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Speaking Of UAS Milestones...

The UAS industry received a major boost this week when the FAA released its small UAS rule. Another milestone will occur next week when NASA wraps up flight testing of a detect-and-avoid system for large UAS operating above 500 feet.
By Patrick C. Miller | June 23, 2016

The Federal Aviation Administration’s release this week of Part 107—also known as the small UAS rule—was rightly hailed as a milestone for the UAS industry. It should be interesting to see how many businesses that were sitting on the fence awaiting more regulatory certainty are now willing to make the leap into full-scale operations.

Another UAS milestone will occur next week that probably won’t attract nearly as much attention, but the potential implications are enormous for large, long-endurance unmanned aircraft operating in the commercial airspace above 500 feet. At the Armstrong Flight Research Center in California, NASA, the FAA, General Atomics Aeronautical Systems Inc., Honeywell Inc. and the Radio Technical Commission for Aeronautics (RTCA) Special Committee 228 (SC-228) will wrap up a fourth and final round of flight tests that began back in April.

The goal of these tests is to produce a detect-and-avoid (DAA) system for NASA’s Ikhana, a civilian research version of the General Atomics Predator B. As Brandon Suarez, a General Atomics project engineer, told me back in April when the tests began, by the end of this year NASA will theoretically have a DAA system for the Ikhana that can be approved by the FAA. And if it works in the Ikhana, it should also work for General Atomics’ customers flying the Predator B.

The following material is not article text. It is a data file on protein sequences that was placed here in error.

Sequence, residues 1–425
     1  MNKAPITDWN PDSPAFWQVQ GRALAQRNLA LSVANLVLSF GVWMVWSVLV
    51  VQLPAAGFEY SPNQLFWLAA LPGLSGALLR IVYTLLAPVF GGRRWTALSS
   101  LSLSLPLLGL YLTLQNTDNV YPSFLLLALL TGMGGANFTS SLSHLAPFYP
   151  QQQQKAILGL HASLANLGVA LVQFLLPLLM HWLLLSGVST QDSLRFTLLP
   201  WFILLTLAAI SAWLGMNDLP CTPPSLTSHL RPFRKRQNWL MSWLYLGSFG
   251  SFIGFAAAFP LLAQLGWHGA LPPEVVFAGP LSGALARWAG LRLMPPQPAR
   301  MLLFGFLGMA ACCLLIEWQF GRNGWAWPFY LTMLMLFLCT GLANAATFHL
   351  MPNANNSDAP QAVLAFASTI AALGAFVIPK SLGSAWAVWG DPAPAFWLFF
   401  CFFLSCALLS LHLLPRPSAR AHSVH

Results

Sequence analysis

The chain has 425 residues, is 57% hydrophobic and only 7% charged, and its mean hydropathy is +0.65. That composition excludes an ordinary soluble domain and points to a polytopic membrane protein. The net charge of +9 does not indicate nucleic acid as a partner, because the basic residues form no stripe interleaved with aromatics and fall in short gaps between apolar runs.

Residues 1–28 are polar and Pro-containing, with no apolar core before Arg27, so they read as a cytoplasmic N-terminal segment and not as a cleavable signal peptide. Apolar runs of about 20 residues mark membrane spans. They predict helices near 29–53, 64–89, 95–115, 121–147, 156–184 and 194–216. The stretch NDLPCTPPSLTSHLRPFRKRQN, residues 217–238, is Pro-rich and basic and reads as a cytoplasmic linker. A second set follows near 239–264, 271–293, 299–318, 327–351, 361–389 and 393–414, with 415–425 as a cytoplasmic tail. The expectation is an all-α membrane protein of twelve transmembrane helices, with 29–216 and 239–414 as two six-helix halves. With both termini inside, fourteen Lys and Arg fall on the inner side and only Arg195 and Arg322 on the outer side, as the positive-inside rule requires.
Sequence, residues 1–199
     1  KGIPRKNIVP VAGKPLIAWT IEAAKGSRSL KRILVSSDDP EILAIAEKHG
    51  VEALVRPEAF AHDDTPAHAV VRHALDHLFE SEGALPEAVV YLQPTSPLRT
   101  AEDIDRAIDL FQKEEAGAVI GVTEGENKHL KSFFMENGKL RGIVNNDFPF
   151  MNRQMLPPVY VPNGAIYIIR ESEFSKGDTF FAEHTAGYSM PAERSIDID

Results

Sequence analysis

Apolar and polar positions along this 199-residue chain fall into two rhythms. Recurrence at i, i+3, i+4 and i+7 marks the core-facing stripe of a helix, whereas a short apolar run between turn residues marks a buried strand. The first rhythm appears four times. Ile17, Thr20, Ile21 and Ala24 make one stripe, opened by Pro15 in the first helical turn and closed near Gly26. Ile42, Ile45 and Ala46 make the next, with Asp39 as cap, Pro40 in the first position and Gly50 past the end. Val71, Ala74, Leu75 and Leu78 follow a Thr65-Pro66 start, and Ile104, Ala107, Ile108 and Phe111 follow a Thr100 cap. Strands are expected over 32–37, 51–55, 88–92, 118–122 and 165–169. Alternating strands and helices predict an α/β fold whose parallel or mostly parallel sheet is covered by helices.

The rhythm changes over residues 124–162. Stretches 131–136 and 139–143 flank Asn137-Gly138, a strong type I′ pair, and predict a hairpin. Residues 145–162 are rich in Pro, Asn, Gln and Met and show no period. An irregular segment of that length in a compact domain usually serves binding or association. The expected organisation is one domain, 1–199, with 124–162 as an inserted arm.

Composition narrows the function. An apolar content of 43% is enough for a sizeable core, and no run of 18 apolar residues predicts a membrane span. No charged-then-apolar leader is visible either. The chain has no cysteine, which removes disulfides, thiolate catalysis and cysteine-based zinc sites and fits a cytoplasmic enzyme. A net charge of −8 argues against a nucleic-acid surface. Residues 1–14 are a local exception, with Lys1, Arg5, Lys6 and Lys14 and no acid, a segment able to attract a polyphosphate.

Although this aircraft is best known for flying combat missions for the U.S. military, it’s important to note that General Atomics has government customers for the platform nationally and internationally. Not all of these are used for military missions. For example, U.S. Customs and Border Protection flies the Predator B to patrol the U.S. northern and southern borders, as well for maritime missions.

Those who’ve followed development of the small UAS rule know that one important technological hurdle yet to be cleared is a reliable DAA technology that prevents unmanned platforms weighing less than 55 pounds from hitting each other, avoiding manned aircraft and colliding with objects on the ground. It’s one of the primary reasons beyond-visual-line-of-sight flying for small UAS might still be years away.

For the past two months, the Ikhana has been scheduled to fly 270 collision avoidance encounters against a variety of dissimilar aircraft at a wide variety of speeds, altitudes and geometries. It’s one thing to test the DAA technology by flying millions of simulated encounters on a computer and another to see how it works when unmanned and manned aircraft are flying in the same airspace in the real world.

“From my perspective, we’re trying to prove that a system on an unmanned aircraft can actually meet the requirements that we’re putting forward in the technical standards,” Suarez said. “From a manufacturer’s perspective, that’s a really important step because sometimes it’s possible for a committee to go off on a beautiful set of requirements that—practically speaking—can’t be met by anything.

“This final flight test campaign gives us an opportunity to make sure that a representative system is actually capable of meeting all the requirements and performing the way we expect it to in the real world,” he explained.

To be sure, the FAA will want many more flight tests and a great deal more data before it allows an unmanned aircraft the size of the Predator B to operate commercially in the national airspace. However, when the history of UAS development is written, the groundbreaking work in DAA technologies accomplished by the FAA, NASA, General Atomics, Honeywell and RTCA will be considered a key factor in the commercialization of UAS.